My father’s younger brother, Ejiro Higashionna, was drafted by the U.S. Army and had arrived in Okinawa by ship a few days before the war ended. Uncle Ejiro was able to pay for my transportation to Hawai‘i, and because my father was a Nisei, I was able to enter Hawai‘i with an American passport on May 7, 1948.
I lived with my paternal grandparents in Hawai‘i and attended Kalakaua Intermediate (now Middle) School and Farrington High School. I worked 20 hours a week to support my way through high school. While attending college, I worked part-time doing odd jobs on and off campus. Fortunately, I did not have to worry about the college tuition since Hui Makaala scholarship covered four years of education.
When I received the bachelor’s degree, I also was commissioned as second lieutenant in the U.S. Army Corps of Engineers and served in Okinawa from November 1959 to August 1962. My assignment was to provide drinking water in the rural villages on Okinawa’s main island and the 50 plus inhabited islands in Okinawa from Iheya and Izena Islands in the north, Minami- and Kita-Daito Islands in southeast and Miyako and Yaeyama Islands in southwest.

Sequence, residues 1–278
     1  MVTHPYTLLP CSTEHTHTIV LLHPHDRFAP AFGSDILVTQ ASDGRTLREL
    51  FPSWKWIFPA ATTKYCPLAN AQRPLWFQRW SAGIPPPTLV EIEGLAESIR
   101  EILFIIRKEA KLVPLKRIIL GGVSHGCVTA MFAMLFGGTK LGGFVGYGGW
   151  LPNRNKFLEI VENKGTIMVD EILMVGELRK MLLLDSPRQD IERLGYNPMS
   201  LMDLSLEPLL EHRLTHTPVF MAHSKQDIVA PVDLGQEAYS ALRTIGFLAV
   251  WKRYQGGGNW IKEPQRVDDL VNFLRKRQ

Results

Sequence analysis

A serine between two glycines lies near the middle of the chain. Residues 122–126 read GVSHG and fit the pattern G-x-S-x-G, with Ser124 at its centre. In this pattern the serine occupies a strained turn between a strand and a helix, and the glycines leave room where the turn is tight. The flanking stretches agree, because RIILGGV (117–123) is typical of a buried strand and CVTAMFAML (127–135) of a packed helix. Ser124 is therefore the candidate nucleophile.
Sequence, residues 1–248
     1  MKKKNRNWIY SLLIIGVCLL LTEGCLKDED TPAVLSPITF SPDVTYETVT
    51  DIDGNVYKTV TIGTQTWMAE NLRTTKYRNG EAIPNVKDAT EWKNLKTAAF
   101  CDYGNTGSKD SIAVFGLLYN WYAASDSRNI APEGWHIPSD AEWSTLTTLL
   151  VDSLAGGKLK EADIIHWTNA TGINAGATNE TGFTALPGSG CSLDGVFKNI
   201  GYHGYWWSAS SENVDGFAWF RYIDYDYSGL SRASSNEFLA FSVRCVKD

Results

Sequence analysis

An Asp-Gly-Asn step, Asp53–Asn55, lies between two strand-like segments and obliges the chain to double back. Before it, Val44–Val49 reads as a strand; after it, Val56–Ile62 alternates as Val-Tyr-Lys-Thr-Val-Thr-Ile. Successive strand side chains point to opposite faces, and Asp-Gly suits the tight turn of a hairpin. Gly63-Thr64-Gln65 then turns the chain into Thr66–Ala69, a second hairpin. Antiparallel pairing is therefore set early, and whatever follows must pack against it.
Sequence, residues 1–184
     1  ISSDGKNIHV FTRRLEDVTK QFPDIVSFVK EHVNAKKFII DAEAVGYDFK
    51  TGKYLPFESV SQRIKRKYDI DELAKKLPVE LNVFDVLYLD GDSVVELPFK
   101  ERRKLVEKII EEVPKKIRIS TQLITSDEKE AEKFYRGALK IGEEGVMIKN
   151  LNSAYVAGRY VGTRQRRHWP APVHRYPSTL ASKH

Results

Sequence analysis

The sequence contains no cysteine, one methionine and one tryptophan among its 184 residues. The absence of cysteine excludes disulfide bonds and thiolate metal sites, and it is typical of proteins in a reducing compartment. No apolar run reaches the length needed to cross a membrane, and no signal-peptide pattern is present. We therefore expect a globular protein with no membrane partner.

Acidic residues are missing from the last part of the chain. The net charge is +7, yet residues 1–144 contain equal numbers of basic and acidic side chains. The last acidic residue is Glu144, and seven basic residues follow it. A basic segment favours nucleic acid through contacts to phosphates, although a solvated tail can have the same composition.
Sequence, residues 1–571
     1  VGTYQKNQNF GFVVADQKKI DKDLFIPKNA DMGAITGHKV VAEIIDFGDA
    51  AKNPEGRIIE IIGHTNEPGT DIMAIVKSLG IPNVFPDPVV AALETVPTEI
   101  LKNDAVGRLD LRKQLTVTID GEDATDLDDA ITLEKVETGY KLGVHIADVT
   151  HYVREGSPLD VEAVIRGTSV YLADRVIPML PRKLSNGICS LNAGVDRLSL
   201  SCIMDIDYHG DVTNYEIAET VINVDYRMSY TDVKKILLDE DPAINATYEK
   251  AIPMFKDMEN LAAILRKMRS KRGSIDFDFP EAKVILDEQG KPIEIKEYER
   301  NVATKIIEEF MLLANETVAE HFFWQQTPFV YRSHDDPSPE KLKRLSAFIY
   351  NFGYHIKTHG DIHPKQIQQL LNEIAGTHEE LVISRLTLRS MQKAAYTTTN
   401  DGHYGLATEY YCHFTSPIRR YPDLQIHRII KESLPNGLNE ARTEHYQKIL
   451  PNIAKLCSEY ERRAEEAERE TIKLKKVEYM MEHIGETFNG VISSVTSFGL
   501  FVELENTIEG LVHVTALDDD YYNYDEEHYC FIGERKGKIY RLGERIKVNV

Upon returning home from Okinawa I worked for an engineering firm working on building and bridge designs. A year later, I was off to the University of Illinois for a master’s degree. Money from research assistantship and GI Bill covered living expenses for the family and school tuition for a year and a half. When I completed the master’s program, I returned to Hawai‘i to take care of family matters while working again for an engineering firm. Three years later, I went back to Illinois for two years and received a PhD in civil engineering in 1970.
For the next 34 years, I held various positions: design engineer, assistant professor, Hawai‘i State Director of Transportation Department and the founder and president of a consulting engineering firm working on projects in Hawai‘i, Guam, Rota and Okinawa. All of these were made possible because Hui Makaala gave me the support and motivation to work hard and give to my community.
Jane Tamanaha Lee
by Karen Shishido